Can the Sony a9 and a7R III be any closer and yet at the same time be any further apart from each other? If we are strictly speaking video, which No Film School generally does, the a7R III stands out because of its S-Log2 and S-Log3 gamma curves, as well as the new HLG (Hybrid Log-Gamma) profile for HDR workflow and HDR TV monitors. The camera also features XAVC-S Proxy if you want to quickly edit your video at a lower resolution.
These are things the a9 doesn’t simply have yet as it was targeted toward sports/wildlife photographers. Sony has said the a9 will receive Log profiles in a future update. Knowing that, the a9 is worth considering. It does have a slightly better sensor, higher ISO, an electronic shutter that reaches 1/32000 compared to the A7r III’s 1/8000s, anti-distortion technology, better buffering depth and more autofocus detection points. The full frame camera records 4K UHD up to 30fps and 100mbps with the XAVC S codec.
Similarly, the a7R III can shoot 4K video across the width of the full frame sensor and Super 35mm with full pixel readout without pixel binning for 5K worth of data, oversampling the 4K footage. Both use a MP4 wrapper with 4:2:0 8-bit sampling and tout a 4:2:2 8-bit clean HDMI output.
Should we call it a tie?
After years of writing about Sony’s Alpha line, which features full-frame sensors, it’s odd that VENICE is Sony’s first digital motion picture full-frame camera—not that Super35 isn’t some visually sexy stuff. And while it’s obvious we’re not comparing apples to apples when it comes to the mirrorless cousins, the newest CineAlta monster is promising 6K (6048 x 4032) 3:2 mode 16-bit RAW/X-OCN files to a AXS-R7 recorder, 10-bit XAVC workflows, 15 stops of latitude, a new color management system that exceeds Rec. 2020 (S-Log3, Ultra-Wide included) all on an interchangeable 36x24mm sensor. Remove four screws and it’s gone.
VENICE will have imager modes that can natively support 5.7K, 4K DCI, Super 35 4 – perf, Super 35 3 – perf, and Super 35 Anamorphic modes. While the sensor is not built on a global shutter, Sony says, “the high-speed readout sensor will minimize the jello effects that are typical in CMOS sensors.” There will also be a servo-controlled 8-step mechanical ND filter built into the camera chassis—a world’s first. A PL mount can be changed to support E-mount lenses as well.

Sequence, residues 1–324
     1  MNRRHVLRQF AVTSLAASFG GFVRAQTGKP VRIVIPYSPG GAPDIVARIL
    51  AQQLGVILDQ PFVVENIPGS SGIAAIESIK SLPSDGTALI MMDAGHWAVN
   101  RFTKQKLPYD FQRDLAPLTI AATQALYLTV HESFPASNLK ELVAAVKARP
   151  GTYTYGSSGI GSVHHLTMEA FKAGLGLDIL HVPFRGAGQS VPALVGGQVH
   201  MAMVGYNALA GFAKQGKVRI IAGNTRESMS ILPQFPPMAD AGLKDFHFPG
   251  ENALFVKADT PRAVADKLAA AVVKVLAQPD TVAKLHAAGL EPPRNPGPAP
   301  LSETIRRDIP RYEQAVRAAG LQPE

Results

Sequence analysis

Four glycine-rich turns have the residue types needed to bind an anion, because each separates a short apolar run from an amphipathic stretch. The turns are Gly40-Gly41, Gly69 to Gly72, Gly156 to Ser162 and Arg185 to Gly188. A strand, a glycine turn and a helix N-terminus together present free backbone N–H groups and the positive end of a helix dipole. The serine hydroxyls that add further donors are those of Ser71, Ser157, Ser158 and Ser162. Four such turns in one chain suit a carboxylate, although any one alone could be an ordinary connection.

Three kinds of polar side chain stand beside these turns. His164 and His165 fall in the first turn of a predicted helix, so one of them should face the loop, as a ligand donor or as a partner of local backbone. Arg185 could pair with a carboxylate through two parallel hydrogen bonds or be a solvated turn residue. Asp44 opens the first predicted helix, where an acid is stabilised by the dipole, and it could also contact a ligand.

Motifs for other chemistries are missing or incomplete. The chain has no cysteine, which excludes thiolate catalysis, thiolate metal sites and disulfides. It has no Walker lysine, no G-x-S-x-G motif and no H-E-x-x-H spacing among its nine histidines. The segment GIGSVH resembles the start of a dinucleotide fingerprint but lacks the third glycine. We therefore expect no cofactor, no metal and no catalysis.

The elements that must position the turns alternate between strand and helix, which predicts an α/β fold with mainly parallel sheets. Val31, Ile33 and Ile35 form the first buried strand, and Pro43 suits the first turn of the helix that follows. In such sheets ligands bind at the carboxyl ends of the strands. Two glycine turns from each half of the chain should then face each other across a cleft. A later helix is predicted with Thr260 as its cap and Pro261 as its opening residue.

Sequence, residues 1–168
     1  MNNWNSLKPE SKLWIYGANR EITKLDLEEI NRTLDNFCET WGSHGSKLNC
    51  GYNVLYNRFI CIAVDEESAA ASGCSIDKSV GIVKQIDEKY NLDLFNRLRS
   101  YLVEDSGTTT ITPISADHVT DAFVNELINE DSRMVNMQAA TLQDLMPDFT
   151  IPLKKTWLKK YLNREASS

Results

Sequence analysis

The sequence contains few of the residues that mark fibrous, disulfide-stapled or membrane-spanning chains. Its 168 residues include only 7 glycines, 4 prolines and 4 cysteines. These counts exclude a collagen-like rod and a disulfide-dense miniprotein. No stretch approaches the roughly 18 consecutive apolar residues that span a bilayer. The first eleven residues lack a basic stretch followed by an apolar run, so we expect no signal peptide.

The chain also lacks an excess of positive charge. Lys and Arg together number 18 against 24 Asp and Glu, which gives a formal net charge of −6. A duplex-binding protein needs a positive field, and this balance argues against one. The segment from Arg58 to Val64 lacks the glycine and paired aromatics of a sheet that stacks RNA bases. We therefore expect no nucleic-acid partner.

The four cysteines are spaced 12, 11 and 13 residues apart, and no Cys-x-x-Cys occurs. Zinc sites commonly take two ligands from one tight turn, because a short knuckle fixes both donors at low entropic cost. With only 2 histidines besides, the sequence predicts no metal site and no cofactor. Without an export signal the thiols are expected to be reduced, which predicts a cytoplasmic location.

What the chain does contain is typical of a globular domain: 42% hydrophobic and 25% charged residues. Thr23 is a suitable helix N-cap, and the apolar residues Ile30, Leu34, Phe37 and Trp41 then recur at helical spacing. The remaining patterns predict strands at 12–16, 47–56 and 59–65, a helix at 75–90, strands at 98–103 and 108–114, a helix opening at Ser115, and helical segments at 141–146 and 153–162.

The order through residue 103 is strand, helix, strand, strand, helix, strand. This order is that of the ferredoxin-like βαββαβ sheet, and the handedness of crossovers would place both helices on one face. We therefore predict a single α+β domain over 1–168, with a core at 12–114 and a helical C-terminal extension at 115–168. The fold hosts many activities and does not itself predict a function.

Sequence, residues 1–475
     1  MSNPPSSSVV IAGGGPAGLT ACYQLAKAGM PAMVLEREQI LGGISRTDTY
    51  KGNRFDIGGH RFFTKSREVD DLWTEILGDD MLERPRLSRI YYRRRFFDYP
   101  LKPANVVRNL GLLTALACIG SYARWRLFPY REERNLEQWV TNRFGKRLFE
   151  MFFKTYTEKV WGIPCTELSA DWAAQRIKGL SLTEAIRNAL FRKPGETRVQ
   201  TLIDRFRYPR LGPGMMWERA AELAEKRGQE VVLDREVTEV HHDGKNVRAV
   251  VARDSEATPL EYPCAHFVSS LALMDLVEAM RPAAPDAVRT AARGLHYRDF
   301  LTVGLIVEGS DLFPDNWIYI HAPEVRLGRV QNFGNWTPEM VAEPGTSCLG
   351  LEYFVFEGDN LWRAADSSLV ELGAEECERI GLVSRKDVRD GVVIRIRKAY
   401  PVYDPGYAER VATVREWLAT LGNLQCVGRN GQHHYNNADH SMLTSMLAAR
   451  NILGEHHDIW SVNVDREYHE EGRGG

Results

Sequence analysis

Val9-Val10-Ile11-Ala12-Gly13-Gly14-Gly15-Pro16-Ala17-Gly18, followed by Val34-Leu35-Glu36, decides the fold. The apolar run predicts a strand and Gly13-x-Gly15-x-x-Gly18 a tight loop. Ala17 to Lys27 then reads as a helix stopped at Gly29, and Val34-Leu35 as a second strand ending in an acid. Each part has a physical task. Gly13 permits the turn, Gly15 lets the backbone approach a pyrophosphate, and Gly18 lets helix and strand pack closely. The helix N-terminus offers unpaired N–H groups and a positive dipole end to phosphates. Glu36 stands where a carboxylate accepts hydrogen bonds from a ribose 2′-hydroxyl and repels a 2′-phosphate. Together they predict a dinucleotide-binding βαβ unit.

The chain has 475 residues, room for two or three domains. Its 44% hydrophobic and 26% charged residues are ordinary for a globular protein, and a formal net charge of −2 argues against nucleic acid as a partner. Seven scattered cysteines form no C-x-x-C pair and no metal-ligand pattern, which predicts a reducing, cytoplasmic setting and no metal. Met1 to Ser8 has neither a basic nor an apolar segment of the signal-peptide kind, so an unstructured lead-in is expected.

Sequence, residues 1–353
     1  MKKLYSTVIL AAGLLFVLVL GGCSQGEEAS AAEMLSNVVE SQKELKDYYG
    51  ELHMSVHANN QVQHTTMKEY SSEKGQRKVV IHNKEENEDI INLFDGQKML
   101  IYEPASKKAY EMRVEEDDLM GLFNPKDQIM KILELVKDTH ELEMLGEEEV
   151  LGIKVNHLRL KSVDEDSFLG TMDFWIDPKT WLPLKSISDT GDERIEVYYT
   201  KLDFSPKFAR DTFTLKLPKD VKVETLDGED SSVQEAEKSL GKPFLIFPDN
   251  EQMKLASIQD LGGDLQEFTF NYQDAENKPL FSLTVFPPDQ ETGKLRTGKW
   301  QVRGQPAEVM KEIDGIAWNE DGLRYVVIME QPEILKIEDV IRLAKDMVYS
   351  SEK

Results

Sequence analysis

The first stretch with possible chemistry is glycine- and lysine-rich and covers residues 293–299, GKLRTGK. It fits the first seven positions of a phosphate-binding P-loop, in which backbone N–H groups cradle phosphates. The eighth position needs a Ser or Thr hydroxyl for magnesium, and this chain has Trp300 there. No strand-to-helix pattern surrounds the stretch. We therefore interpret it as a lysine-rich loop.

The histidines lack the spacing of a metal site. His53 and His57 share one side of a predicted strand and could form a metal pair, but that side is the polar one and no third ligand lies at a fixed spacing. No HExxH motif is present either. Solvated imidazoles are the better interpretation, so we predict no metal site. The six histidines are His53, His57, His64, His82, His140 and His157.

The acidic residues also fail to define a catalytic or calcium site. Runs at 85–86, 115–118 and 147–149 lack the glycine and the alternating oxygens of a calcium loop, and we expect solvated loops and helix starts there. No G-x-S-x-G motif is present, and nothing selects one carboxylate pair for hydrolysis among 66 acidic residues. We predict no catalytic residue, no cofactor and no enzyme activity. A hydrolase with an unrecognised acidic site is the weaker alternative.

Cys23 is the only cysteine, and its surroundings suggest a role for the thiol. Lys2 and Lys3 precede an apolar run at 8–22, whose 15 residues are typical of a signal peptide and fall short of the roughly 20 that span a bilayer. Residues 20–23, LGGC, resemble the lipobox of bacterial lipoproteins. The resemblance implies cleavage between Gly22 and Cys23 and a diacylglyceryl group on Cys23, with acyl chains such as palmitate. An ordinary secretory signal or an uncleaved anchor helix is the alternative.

While VENICE was announced this year, it won’t make its debut until 2018. So we may see end up seeing this one again. More food for thought: it will be interesting to see if cinematographers starting picking up a Sony over the favored ARRI for features. Not to say they haven’t already. It’s just that Alexa truly cemented an early foot in the ground during the digital revolution with a camera whose ergonomics were familiar with guys shooting film. We’re creatures of habit and it took players like RED to reshape how we think a camera should be designed. Now it’s come full circle we’re manufacturers are piggy-backing off each other to get a bigger piece of the pie.
If you’re interested in seeing VENICE footage, we highlighted some of Sony’s visual storytelling in a previous article where cinematographer Claudio Miranda and director Joseph Kosinski shot The Dig.
What makes a camera a camera? The ergonomics of its design? Its recording ability? The lens mount? At the heart of image capture is the sensor, and while it’s not a traditional camera by itself, the RED Monstro when paired with a body like the Weapon is a camera that we can hold.
Just as we were getting acquainted with Helium 8K S35, RED released the long-rumored Monstro, a 35.4 Megapixel CMOS 8K VV full frame sensor. This is RED’s jump into full frame, delivering 8192 × 4320 effective pixels on a 40.96mm x 21.60mm sensor. Monstro muscles 17 stops of dynamic range, uses IPP2, data rates up to 300 MB/s with all the features we’re accustomed from the company – REDCODE, Apple ProRes and DNxHR at variable resolutions and frame rates.
Other than the announcement, product page the Iron Horse footage on YouTube, this noise comparison, we haven’t heard much about it. Maybe it’s the $80,000 price tag? We’re sure someone from REDUSER will be able to fill us in on its awesomeness in the comments below.
There are dozens of budget-friendly 360 cameras out there. From the 8K Insta360 Pro, Rylo and Detu Twin to the Samsung 360 and Garmin VIRB 360, they all do a really good job, but the GoPro Fusion has eked out as a frontrunner for us due to its capture optics and sound quality.
While the mobile OverCapture feature won’t be available until 2018—it allows you to use the phone’s gyroscope to select the frame you want to be the focal point and pop it out—you can still do so in Fusion Studios and Adobe Premiere Pro.
Let us know in the comments if we missed any as cameras can be just as subjective as the visual art they create.
UPDATE: Since some of our readers did not understand/grasp the fun/humor behind the categories each camera represented we removed them.